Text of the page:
Azure Active Directory – this is the foundation of authentication in the cloud. With Azure Active Directory one can configure multi-factor authentication (MFA) and conditional access policies to add access control rules such as requiring specific applications based on a device operating system. In addition to conditional access is Privileged Identity Management, SAML-based application authentication integration, heuristic authentication rules, machine learning, and a suite of identity governance sources to ensure identities are properly managed.
Microsoft Endpoint Manager (aka Intune) – Intune has come a long way in recent years. What was once a light endpoint management tool is now full-featured and highly capable. In addition to offering thousands of Windows 10 configuration options (with an additional 1400 being released in September 2021) Intune has full support for Android and iOS devices. One of the more relevant features of Intune are compliance policies. The device compliance policies. When implemented, access to systems like SharePoint, OneDrive or Teams can be controlled based upon criteria defined in the device compliance policy. This means we are no longer providing access to an employee on ANY device. The device must be company managed and properly configured to access critical systems.
Defender for Endpoint – Defender for Endpoint is often thought of as an anti-virus solution. While it provides advanced anti-virus and enhanced detection and response (EDR) capabilities frequently ranked at or near the top of Gartner’s magic quadrant, it offers far more. Defender for Endpoint also includes a threat and vulnerability pack which closely align to Zero Trust security. For example, the threat and vulnerability pack includes information about missing patches, poor configurations, and a heuristic evaluation of the device which is assigned a risk score. This risk score can also be leveraged in the Intune device compliance policies to determine the access an employee may have based on the security level of their device.
Defender for Office 365 – Defender for Office 365, formally known as Advanced Threat Protection (ATP), provides an advanced set of capabilities to secure email entering and exiting the environment. Since email has become a common attack vector, email sanitization features protecting against spam, phishing, malware, and impersonation are critical to Zero Trust as they ensure the data entering the system is clean.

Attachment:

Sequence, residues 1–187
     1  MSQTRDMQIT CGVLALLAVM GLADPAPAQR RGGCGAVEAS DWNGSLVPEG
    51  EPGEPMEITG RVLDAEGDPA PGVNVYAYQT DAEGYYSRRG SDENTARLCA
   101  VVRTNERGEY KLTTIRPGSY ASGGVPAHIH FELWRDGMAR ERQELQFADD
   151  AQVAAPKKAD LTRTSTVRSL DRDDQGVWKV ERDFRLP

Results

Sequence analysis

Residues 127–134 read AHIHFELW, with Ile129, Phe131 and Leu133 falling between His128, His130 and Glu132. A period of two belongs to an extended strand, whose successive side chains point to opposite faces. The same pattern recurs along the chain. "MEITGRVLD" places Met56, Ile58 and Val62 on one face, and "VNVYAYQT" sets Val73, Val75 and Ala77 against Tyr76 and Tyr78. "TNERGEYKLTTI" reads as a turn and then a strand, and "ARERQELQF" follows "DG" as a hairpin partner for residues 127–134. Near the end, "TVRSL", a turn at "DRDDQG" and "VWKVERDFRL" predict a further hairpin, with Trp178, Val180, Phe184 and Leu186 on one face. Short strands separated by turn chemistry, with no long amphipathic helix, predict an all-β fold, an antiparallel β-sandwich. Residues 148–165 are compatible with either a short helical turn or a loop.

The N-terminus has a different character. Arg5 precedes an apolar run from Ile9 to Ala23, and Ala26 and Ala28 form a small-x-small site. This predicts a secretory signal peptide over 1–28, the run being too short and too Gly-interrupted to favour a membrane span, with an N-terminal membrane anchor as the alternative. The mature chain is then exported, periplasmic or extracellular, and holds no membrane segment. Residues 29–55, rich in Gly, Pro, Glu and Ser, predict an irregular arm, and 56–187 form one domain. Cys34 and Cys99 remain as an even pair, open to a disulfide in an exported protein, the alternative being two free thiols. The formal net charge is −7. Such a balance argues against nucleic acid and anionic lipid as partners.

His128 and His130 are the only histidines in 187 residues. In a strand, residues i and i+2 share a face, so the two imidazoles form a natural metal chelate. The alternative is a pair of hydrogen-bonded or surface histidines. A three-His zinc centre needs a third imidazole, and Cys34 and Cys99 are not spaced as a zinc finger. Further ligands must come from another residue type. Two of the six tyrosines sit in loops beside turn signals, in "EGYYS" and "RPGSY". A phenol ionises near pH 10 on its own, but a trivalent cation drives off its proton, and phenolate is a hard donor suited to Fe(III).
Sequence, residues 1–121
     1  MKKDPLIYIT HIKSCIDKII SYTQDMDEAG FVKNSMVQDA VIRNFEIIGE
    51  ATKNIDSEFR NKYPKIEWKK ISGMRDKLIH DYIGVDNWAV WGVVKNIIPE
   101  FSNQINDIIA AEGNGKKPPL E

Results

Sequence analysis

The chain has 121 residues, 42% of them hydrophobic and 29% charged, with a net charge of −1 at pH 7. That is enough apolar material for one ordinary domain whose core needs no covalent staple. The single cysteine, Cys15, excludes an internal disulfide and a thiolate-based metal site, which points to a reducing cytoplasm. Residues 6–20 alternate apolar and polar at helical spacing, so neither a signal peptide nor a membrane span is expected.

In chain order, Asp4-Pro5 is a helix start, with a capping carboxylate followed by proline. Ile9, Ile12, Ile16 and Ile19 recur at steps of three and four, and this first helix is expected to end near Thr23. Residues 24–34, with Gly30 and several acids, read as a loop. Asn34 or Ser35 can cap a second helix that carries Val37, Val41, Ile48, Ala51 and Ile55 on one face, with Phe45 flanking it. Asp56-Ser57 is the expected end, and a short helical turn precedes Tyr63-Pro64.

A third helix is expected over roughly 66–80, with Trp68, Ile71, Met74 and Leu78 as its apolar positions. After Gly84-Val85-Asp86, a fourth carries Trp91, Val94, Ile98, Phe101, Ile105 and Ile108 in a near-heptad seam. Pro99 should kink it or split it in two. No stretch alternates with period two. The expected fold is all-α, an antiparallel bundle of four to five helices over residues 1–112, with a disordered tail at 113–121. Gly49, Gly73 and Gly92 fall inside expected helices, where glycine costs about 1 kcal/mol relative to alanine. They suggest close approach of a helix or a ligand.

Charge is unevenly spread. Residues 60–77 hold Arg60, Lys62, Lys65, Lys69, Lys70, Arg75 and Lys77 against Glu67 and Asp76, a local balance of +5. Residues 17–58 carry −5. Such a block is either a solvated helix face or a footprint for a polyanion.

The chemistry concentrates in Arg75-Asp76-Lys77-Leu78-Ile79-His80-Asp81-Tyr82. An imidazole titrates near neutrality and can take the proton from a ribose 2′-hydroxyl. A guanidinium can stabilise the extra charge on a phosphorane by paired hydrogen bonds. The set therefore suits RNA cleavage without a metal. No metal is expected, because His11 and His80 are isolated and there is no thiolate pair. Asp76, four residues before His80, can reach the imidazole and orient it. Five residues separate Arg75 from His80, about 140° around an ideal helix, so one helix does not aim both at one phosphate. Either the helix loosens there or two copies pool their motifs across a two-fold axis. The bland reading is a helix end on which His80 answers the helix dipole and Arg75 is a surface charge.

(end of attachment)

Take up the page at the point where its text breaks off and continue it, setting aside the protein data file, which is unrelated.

Cloud App Security – This is the action-based monitoring system for the Microsoft 365 tenant. It leverages events imported from Microsoft 365 to monitor for potential compromised identities, nefarious data movement activities, and newly used applications.
Sentinel – Azure Sentinel becomes the central repository for the logs from each of these services. When properly configured, Sentinel will ingest all Microsoft 365 logs and provide correlation across the events to provide not only event-based alerts but also dashboards with multiple data views. Beyond Microsoft 365, logs from additional network components such as firewalls and servers can be ingested providing a comprehensive view of the overall environment. This becomes important with Zero Trust as administrators can now use the dashboards and alerts to identify anomalies and risky trends.
Bottom line on Zero Trust? Overall, the buzz is both real and justified. Today’s world requires an approach that assumes breach and validates security at every interaction within the environment. Microsoft’s comprehensive approach to security provides an excellent foundation for businesses of all sizes to deploy Zero Trust and mitigate today’s threats.
The C3 Team brings the knowledge and experience required to configure the entirety of Microsoft’s security services to achieve a Zero Trust Security model. With over 250 clients under management, C3 has the experience to ensure your environment is properly secured. To learn more about how C3 can help you deploy a Zero Trust model in your environment, contact us at email@example.com.